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Dodger Clayton Kershaw and wife Ellen help African orphans; new book "Arise" tells their story

Clayton and Ellen Kershaw in Zambia.
Clayton and Ellen Kershaw in Zambia.
Courtesy Clayton & Ellen Kershaw

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UPDATE 10/9/2013: This seems a pretty good time to bring back a story from 2012 that reminds us that not only is Clayton Kershaw a preternatural pitcher, but he seems to be a hell of a guy with his priorities straight. -- John Rabe

This guy is only 23?

At a news conference at Dodger Stadium this morning, somebody asked why Clayton Kershaw has made repeated trips to Africa with his wife Ellen, to help orphans there.

The Cy Young Award winner replied, in full earnest, ‘Ellen always asked me, “What do you want your legacy to be when you’re done playing baseball?”’ There are always going to be people better than you, he said, who will break your records, “So you want to be remembered for doing something other than baseball.”

The two work through the Dallas-based non-profit Arise Africa, and are building housing for orphans. The details are in their new book “Arise: Live Out Your Faith and Dreams on Whatever Field You Find Yourself.”

Ellen Kershaw , 24, has been going to Zambia since she was 18. She felt drawn to, she says, in the 8th grade, after seeing a tv show. But she didn’t think she could do any good. “There’s plenty of people who spend their entire lives trying to change that country, and what could I do as an 18-year old?! But finally, it almost caused me more anxiety not going than actually getting on a plane and going over there.”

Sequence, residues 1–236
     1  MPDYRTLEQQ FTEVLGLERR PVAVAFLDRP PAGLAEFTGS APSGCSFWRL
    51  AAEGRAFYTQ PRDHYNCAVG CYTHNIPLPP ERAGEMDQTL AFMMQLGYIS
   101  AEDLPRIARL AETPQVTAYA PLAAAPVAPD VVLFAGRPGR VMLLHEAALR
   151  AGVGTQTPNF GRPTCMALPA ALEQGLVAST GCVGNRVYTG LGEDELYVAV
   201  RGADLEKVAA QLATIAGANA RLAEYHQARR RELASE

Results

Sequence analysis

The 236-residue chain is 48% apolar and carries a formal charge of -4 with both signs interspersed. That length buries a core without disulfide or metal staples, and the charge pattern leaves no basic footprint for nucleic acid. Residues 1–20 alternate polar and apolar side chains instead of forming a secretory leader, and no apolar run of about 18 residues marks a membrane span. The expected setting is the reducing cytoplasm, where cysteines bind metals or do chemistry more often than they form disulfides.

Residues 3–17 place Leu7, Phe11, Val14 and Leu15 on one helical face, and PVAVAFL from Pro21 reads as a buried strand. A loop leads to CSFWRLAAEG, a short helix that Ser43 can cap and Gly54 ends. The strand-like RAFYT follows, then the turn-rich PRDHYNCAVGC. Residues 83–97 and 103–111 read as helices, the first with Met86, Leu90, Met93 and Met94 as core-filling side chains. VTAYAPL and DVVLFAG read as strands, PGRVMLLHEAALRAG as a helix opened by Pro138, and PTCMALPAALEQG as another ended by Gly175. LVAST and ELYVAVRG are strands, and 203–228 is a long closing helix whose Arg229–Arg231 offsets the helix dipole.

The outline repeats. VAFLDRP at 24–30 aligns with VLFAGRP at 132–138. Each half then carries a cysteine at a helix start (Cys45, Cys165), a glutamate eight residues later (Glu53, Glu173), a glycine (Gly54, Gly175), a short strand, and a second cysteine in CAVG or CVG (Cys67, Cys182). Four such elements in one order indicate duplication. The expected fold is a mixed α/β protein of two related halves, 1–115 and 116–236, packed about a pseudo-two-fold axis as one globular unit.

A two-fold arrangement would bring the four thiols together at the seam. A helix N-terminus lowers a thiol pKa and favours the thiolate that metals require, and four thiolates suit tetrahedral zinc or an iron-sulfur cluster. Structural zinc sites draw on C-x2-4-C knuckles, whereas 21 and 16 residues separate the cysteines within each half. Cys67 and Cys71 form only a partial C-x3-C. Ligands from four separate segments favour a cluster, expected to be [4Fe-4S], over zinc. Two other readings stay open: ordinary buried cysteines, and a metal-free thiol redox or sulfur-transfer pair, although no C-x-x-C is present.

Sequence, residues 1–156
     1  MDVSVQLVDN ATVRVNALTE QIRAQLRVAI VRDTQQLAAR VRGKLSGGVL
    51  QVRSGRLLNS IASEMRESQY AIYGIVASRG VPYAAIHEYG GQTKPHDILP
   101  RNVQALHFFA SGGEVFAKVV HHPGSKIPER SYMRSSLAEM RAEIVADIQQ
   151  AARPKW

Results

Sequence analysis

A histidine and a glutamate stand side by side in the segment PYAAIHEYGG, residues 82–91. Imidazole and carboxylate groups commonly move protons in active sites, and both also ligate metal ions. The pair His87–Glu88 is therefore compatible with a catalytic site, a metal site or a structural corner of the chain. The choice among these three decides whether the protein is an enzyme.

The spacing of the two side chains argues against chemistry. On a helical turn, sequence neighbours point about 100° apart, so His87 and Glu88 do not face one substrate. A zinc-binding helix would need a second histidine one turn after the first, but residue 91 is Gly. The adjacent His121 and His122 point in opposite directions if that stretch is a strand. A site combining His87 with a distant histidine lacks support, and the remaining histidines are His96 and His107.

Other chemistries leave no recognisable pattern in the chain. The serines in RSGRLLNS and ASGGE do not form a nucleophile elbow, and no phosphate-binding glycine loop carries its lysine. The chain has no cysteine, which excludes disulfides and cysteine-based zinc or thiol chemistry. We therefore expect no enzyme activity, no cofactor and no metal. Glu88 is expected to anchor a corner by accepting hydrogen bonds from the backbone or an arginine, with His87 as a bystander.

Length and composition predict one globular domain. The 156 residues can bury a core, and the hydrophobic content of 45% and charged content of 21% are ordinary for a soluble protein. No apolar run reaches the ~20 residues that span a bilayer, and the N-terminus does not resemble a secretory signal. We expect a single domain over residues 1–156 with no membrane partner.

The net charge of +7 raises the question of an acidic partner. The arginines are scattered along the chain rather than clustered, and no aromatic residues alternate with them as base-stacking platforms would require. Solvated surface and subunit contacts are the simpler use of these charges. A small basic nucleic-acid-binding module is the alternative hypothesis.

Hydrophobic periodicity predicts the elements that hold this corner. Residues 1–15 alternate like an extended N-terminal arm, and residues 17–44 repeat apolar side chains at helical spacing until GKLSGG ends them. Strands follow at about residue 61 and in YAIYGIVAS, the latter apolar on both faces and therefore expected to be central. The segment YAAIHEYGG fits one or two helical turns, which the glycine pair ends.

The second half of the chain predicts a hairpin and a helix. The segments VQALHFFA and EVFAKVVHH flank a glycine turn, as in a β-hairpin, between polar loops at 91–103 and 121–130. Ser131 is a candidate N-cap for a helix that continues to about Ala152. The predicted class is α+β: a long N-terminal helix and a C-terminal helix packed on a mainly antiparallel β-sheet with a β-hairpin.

It took her husband a little longer. But he’s made two trips with her now, the first right after their marriage -- they were high school sweethearts – and it’s changed him for the good. “Going to Zambia last year I think was a huge leap of faith for him, and it stretched him in more ways than I’ve ever seen.”

Speaking of stretching, Ellen says the kids hang off the 6-3 pitcher “like he’s a jungle gym.” They know nothing about baseball, the Dodgers, or the Cy Young. “If I played soccer,” he joked, “that would be a different story.”

It might seem counter-intuitive, in a sport like baseball where concentration and total devotion are key, but Clayon and Ellen both say their Africa project, and Kershaw’s challenge, in which he donated $100 for every batter he struck out, made him a better pitcher, because the goal was bigger than baseball.

The two speak easily about serving their God, but they don’t present as evangelical. He was raised Methodist, she Presbyterian. Not the rivival tent types. This seems to be more about what they say it is: giving back, doing what they can. As Ellen says, “To whom much is given, much is expected.”

If we want a power couple running the Dodgers, somebody ought to give the Dodgers to these two.

Watch the Kershaws talk about Africa in this YouTube video: